Civil society and labour groups have risen with one voice calling for a halt to the planned sale of historical national assets by the federal government. The government through Mr. Ben Akabueze of the budget office had hinted that the sale of the national assets, including the National Theatre and Tafawa Balewa Square in Lagos, was to fund the 2018 budget.
The convergence of groups that met in Lagos earlier this week said they would resist the move and called on Nigerians to say no to the plans. The groups, including Amalgamated Union of Public Corporation, Civil Service Technical and Recreational Service Employees (AUPCTRE), Centre for Social Change and Citizenship Education (CENSOCHANGE) and Joint Action Front (JAF), made this known at a press conference anchored by the Environmental Rights Action/Friends of the Earth Nigeria (ERA/FoEN) in Lagos.
Deputy executive director of ERA/FoEN, Akinbode Oluwafemi, queried the sale of the national monuments, questioning what would happen when government has no more assets to sell.
In his words: “After selling the national assets, what else? Probably they would resort to selling citizens to finance budgets,” he said.
According to him, even America, the capital of capitalism, cultural national assets and monuments are still preserved.
The national president of AUPCTRE, Benjamin Anthony, said the union is against the sale of Nigeria’s national assets, pointing out that if the Federal Inland Revenue Service (FIRS) generated over N1 trillion in 10 months as reported and with the revenue from crude oil, selling the assets to fund the budget was unnacceptable.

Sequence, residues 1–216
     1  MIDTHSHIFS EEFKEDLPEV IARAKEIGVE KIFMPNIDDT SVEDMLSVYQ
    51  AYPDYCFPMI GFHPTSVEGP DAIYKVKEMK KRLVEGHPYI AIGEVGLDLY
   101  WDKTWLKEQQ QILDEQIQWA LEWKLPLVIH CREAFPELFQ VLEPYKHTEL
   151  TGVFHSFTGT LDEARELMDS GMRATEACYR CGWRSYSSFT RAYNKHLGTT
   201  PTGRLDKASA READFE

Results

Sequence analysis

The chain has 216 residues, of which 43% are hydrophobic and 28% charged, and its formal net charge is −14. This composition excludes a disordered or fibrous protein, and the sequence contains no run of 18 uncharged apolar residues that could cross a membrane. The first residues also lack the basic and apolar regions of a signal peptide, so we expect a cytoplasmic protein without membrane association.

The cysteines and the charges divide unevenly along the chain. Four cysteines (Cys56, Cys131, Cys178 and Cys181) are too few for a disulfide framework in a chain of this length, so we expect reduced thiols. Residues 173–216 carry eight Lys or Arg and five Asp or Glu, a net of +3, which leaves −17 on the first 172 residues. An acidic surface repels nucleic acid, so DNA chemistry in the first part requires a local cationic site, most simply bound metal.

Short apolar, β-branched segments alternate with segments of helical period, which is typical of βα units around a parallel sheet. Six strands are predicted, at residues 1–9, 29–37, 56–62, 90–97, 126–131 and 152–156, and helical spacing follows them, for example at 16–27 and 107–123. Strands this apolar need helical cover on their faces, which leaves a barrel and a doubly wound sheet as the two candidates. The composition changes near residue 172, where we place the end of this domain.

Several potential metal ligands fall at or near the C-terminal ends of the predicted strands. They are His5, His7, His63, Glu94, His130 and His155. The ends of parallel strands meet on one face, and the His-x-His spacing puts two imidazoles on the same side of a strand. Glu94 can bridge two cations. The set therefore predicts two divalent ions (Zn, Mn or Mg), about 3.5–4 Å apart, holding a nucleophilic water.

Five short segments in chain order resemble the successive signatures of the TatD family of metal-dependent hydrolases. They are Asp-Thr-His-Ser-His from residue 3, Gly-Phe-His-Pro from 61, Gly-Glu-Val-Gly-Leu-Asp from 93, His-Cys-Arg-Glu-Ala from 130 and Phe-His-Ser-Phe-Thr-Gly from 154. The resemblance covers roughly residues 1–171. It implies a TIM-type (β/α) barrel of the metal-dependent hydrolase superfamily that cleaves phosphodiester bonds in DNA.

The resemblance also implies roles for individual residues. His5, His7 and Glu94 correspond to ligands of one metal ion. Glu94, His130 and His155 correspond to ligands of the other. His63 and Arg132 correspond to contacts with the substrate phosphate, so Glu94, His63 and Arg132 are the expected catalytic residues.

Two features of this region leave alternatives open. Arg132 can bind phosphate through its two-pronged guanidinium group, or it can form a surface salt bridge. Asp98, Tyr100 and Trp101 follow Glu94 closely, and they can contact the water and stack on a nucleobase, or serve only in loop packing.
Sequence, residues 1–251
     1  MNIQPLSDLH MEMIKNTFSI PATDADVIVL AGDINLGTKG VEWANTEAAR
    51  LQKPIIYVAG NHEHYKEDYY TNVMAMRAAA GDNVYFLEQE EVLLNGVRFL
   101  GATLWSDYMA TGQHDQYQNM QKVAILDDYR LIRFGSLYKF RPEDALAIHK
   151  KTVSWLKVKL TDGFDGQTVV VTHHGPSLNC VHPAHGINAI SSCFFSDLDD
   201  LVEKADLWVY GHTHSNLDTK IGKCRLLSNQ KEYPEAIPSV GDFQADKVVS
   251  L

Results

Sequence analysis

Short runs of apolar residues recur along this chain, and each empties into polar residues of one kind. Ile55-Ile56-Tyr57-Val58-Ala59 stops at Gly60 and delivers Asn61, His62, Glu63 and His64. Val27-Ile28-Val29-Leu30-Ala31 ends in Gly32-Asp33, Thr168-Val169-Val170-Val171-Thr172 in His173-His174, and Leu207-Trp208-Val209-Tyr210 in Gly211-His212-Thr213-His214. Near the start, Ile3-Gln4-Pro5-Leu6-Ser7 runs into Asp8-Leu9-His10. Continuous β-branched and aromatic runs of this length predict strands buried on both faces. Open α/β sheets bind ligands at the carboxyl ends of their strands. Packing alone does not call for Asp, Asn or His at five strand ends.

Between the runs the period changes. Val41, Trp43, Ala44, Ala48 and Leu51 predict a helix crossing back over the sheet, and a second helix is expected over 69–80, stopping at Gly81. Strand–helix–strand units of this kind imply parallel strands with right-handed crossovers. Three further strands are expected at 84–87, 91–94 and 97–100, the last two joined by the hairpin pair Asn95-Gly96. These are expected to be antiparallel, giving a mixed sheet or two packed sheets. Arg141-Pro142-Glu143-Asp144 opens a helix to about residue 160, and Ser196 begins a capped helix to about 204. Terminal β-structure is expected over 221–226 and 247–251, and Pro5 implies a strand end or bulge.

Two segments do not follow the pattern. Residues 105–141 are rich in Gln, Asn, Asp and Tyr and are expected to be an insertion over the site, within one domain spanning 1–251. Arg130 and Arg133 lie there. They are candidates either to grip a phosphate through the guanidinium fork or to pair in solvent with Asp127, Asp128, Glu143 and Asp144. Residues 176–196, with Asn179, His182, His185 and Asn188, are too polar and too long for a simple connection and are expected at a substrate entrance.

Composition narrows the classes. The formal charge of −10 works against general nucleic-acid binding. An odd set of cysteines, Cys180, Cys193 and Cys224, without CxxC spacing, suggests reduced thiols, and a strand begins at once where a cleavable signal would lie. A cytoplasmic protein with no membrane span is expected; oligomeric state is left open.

Anthony insisted that, corruption was at the root of the plans.
In the same vein, National secretary-general of AUPCTRE, Yusuf Zambuk, said that with all the resources in Nigeria, human and material, how could a government not generate enough money to fund budget?
“If you have serious set of people in government, would they leave the old Federal Secretariat in Ikoyi to be rotting away?” he asked. “That can be converted to a hotel and generate capital therefrom.”
Capitalism, he added, is about borrowing from banks to produce goods and make profit; “it is not about selling national assets.”
Achike Chude of JAF, a coalition of about 25 CSOs, said the Nigerian government is peopled by a rapacious set with no interest other than theirs.
He lamented that “they have continued borrowing to finance budget deficit for over 25 years”, adding that it is not sustainable.
Describing government’s privatisation policy as assets stripping, he noted that “we have been complacent for over issues like this for too long. We need to properly mobilise because we believe we will win this war.”
The pioneer chairman of AUPCTRE, Lagos chapter, Ayodele Akele, commended AUPCTRE, adding: “I am stigmatised across governments and I don’t have any apology for that.”
Akele vowed to mobilise as many groups as he could to join AUCPTRE in the agitation to stop the sale of national assets if the government failed to rescind the plans.
“We will never accept this scam”, he stressed.